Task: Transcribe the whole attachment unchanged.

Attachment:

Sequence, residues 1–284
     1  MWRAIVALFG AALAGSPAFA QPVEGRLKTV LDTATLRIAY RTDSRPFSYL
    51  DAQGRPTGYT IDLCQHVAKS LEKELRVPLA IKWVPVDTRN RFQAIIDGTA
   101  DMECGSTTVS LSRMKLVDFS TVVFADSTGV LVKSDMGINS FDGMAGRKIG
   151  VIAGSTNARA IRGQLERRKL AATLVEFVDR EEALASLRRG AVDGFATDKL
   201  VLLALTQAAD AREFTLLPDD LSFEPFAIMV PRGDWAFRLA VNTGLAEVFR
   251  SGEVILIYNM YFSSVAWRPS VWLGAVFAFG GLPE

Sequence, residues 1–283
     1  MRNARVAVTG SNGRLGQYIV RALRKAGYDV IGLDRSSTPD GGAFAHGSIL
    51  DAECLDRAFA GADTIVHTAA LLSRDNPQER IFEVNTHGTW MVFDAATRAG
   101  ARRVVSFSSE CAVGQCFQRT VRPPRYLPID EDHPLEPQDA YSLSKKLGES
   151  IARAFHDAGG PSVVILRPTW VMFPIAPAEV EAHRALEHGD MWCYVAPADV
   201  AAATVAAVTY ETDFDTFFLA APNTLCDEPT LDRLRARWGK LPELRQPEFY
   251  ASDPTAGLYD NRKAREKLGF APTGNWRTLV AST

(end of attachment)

Sequence, residues 1–284
     1  MWRAIVALFG AALAGSPAFA QPVEGRLKTV LDTATLRIAY RTDSRPFSYL
    51  DAQGRPTGYT IDLCQHVAKS LEKELRVPLA IKWVPVDTRN RFQAIIDGTA
   101  DMECGSTTVS LSRMKLVDFS TVVFADSTGV LVKSDMGINS FDGMAGRKIG
   151  VIAGSTNARA IRGQLERRKL AATLVEFVDR EEALASLRRG AVDGFATDKL
   201  VLLALTQAAD AREFTLLPDD LSFEPFAIMV PRGDWAFRLA VNTGLAEVFR
   251  SGEVILIYNM YFSSVAWRPS VWLGAVFAFG GLPE

Sequence, residues 1–283
     1  MRNARVAVTG SNGRLGQYIV RALRKAGYDV IGLDRSSTPD GGAFAHGSIL
    51  DAECLDRAFA GADTIVHTAA LLSRDNPQER IFEVNTHGTW MVFDAATRAG
   101  ARRVVSFSSE CAVGQCFQRT VRPPRYLPID EDHPLEPQDA YSLSKKLGES
   151  IARAFHDAGG PSVVILRPTW VMFPIAPAEV EAHRALEHGD MWCYVAPADV
   201  AAATVAAVTY ETDFDTFFLA APNTLCDEPT LDRLRARWGK LPELRQPEFY
   251  ASDPTAGLYD NRKAREKLGF APTGNWRTLV AST